For Lichtenstein, an artist who had developed a concern for form through years of working within an Abstract Expressionist mode of painting, the relation of a mark or an object to the picture plane was of utmost importance. Asserting the picture plane as a static, finite zone was his main motivation and nowhere is this more emphatically stated than in his single object series, which avoid the narrative and temporal qualities of his comic based works. Paintings like The Rings underline his overriding concern with formalism and the idea of spatiality in two dimensional art, which he qualified by stating: "I think that these objects, the golf ball, the frankfurter, and so on, there is an anti-Cubist composition. You pick an object and put it on a blank ground. I was interested in non-Cubist composition. The idea is contrary to the major direction of art since the early Renaissance, which has more and more symbolized the integration of 'figure' and 'ground'"(R. Lichtenstein, quoted in J. Coplans, Roy Lichtenstein: An Interview, Stedelijk Museum Amsterdam, Cat. No. 424, 1967). The tension between figure and ground in The Rings is its major strength. The objects depicted retain their original, legible identity but their scale and flatness pushes them to the limits of abstraction. Executed before the artist began using projectors to assist with the enlargement of his imagery, the stark, centralized illustration of two rings occupy the picture plane emblematically, their monumental presence having attained something from the impact of minimalist art. Using the benday process to systematize his mark-making into standardized units, Lichtenstein destroys any sense of depth by diffusing the contours of the rings with small dots, thereby reconciling the object with the flat plane on which it is placed. "I think that every mark you make, every line you put down, can't bear relationships to representation or representational space at the moment it is being put down", Lichtenstein explained of the then shocking automation of his painting practice, "It has to be divorced from that and become part of the painting space. This must be true whether the work is abstract or representational" (R. Lichtenstein cited in D. Waldman, Roy Lichtenstein, London, 1971, p.26).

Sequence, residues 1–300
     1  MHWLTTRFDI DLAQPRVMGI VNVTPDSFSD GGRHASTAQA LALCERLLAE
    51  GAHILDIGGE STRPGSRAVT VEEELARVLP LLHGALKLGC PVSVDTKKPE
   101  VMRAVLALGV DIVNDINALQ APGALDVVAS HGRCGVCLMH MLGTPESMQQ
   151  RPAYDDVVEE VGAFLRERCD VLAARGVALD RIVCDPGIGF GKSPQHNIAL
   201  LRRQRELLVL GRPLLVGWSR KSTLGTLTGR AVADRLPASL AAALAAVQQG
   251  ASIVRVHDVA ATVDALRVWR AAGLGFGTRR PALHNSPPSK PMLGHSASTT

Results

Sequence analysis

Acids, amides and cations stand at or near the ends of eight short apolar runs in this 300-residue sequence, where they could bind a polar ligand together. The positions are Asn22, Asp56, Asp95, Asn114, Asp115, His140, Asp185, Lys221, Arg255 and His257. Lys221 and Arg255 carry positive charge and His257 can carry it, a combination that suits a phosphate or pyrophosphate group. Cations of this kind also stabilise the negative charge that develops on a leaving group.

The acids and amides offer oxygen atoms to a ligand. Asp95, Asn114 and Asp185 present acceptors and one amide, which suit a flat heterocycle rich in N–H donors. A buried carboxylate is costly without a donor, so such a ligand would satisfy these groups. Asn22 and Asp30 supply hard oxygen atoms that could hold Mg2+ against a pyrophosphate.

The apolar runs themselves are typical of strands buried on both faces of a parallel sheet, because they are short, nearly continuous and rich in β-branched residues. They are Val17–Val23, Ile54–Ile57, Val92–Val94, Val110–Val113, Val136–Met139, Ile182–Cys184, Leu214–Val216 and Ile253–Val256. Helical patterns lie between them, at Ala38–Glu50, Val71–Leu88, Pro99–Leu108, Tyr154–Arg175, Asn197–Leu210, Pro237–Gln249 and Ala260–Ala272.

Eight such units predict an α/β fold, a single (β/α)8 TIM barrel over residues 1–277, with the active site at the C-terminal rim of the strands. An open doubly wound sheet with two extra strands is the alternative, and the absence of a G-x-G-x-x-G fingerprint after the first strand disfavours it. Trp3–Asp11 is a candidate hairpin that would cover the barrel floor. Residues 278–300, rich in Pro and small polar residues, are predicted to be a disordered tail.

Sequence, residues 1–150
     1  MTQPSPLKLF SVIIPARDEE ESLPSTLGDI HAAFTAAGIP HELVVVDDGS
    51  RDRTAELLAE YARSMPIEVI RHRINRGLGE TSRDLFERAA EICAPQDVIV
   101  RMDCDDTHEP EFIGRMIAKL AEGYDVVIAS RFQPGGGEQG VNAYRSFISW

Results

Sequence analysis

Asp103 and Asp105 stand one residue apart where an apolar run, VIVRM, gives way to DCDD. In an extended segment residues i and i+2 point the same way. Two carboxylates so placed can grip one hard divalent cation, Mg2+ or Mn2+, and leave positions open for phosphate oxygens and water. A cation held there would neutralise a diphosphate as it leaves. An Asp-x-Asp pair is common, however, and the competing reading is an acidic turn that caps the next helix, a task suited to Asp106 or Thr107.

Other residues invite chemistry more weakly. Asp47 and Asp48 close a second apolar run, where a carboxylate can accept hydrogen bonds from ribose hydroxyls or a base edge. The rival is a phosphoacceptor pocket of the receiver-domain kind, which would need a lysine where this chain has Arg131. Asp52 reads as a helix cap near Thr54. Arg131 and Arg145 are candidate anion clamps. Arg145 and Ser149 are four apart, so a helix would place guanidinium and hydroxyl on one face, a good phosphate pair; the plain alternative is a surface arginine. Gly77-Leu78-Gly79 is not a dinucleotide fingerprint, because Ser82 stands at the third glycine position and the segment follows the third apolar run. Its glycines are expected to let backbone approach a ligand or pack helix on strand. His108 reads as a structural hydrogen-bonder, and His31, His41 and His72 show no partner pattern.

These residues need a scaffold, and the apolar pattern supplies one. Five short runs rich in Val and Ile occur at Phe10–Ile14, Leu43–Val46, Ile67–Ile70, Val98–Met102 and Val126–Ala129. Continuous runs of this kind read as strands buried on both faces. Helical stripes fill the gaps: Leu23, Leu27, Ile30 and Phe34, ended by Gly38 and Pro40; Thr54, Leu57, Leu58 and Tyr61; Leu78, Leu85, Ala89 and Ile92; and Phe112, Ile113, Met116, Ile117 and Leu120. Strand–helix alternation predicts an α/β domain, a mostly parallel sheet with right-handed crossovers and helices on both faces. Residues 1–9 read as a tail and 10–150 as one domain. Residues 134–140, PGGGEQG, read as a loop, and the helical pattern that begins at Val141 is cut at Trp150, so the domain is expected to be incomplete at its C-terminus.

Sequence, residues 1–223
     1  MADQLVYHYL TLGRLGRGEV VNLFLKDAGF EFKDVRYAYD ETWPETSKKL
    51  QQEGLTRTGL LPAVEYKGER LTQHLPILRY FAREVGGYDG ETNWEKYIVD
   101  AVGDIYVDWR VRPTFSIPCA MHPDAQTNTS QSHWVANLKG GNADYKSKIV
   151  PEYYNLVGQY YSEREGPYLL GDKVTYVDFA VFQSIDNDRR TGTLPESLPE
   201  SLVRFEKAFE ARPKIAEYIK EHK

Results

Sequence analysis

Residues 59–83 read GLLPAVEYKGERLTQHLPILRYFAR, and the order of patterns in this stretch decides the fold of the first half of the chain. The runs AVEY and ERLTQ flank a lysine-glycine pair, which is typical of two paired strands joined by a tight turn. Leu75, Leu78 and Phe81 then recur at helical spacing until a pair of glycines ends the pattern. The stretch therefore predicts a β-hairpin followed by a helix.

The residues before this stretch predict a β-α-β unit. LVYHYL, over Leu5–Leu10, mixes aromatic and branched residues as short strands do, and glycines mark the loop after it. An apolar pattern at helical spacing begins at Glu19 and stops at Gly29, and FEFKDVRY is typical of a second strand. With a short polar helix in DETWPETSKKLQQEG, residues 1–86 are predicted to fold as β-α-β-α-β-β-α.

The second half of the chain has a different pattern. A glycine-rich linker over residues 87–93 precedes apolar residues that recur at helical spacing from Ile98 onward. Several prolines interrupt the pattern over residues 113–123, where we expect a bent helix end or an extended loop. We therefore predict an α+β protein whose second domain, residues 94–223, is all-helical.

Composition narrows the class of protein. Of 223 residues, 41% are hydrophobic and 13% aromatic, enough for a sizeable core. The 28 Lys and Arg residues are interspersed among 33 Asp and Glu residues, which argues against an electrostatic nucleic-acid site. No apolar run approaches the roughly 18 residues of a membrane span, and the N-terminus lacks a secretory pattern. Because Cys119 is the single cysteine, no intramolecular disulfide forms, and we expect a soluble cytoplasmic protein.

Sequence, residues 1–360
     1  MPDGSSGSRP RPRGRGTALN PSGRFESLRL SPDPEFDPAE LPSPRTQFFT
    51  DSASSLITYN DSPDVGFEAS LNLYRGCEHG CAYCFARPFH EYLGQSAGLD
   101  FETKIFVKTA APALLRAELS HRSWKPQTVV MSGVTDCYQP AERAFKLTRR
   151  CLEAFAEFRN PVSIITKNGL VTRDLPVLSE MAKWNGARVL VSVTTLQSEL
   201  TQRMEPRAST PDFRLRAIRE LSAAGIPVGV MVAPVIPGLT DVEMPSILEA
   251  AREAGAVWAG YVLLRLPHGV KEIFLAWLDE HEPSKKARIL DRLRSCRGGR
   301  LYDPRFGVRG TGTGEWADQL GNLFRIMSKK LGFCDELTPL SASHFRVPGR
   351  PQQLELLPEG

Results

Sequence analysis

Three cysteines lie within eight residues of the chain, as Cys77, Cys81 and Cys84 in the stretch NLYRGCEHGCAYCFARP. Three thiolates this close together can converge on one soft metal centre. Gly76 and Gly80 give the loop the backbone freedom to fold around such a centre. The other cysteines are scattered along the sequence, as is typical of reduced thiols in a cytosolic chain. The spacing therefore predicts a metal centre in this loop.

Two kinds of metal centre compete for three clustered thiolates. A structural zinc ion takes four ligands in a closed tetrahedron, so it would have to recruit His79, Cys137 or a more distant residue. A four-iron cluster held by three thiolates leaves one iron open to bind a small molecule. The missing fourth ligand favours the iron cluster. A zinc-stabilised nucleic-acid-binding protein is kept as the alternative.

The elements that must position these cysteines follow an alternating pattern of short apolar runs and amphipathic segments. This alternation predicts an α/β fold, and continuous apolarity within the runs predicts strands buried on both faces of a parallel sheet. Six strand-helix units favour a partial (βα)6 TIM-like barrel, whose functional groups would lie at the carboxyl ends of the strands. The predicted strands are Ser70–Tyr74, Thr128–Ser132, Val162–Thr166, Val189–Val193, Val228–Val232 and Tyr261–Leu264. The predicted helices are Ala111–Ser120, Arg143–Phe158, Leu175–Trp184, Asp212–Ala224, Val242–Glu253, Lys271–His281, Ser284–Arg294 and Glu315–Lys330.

The enlistment of parody complicates the reading of Lichtenstein's work, but by reproducing the reproduced he aims to draw attention to the way people are compelled to apply meaning and value to the most basic signs. Just as Marcel Duchamp had challenged the notion of authorship by placing readymade items in a gallery context, Lichtenstein challenged the notion of "high" and "low" art by making the re-presentation of commercial art his work's explicit focus. Lichtenstein reconfigures objects like those in The Rings by suppressing or exaggerating certain aspects of the found image, turning them into Platonic ideals, or what the artist calls, "a powerful cliché" which he has subjected to his own conceptual ends. Although we maybe tempt to read greater meaning into these objects, particularly with wedding rings, inherently loaded with social significance, this work differs vastly from other paintings from this period that could conceivably be put into a sequence or theme, such as The Engagement Ring (1961) and The Ring (1962). These two works feature soap-operatic moments of proposals between two comic book couples. In the former painting, a pensive blonde looks quizzically at her dashing beau and stammers, "It's...it's not an engagement ring. Is it?", whilst the latter features a close-up on a man's hand at the point of sliding a ring onto his fiancée's finger. Unlike these distinctly narrative paintings, The Rings' bold, isolated form removes it from symbolic associations, thereby moving away from real life and toward pure art. In this way, this groundbreaking work fulfils Lichtenstein's aims to be neither abstract nor realistic, but to establish a new form of art based on the analysis of signs and sign systems.
26014326: Roy Lichtenstein, Large Jewels, 1963. Museum Ludwig, Cologne. (c)Estate of Roy Lichtenstein, NY.
24414890: Roy Lichtenstein, Watch, 1963. (c)Estate of Roy Lichtenstein.
26014319: Roy Lichtenstein, Diamond Clip, 1962. Collection of Mr. Irving Blum. (c)Estate of Roy Lichtenstein, NY.